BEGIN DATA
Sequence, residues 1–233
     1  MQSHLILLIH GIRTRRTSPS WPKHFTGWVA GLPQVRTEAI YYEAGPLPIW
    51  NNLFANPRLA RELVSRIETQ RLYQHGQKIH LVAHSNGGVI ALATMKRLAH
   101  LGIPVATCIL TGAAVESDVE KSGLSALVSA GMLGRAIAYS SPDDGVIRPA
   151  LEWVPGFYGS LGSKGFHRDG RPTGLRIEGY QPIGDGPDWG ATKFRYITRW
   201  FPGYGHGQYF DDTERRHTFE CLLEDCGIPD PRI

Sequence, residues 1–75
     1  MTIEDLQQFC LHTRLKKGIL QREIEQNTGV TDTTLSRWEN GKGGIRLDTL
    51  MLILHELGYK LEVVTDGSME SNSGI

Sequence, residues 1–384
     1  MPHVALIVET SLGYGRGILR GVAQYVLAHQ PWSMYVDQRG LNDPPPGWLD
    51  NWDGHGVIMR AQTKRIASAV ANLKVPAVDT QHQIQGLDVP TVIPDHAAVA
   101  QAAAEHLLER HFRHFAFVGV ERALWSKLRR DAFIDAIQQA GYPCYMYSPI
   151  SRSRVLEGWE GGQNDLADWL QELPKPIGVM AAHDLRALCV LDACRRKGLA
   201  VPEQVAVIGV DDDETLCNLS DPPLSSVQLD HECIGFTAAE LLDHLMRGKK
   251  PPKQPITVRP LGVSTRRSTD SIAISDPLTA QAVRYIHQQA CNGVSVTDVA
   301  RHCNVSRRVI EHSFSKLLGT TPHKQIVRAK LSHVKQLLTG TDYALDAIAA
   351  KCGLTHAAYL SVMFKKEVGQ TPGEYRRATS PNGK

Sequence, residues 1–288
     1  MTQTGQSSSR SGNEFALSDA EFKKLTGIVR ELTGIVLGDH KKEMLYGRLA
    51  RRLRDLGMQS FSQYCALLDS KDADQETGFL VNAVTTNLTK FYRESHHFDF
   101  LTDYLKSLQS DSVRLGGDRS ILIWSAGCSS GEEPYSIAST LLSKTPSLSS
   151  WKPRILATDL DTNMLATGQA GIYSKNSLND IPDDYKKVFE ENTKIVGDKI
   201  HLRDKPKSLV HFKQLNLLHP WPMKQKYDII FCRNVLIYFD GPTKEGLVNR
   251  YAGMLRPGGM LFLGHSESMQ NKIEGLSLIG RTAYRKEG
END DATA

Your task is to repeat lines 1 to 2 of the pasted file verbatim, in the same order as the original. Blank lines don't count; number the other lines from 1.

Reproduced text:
Sequence, residues 1–233
     1  MQSHLILLIH GIRTRRTSPS WPKHFTGWVA GLPQVRTEAI YYEAGPLPIW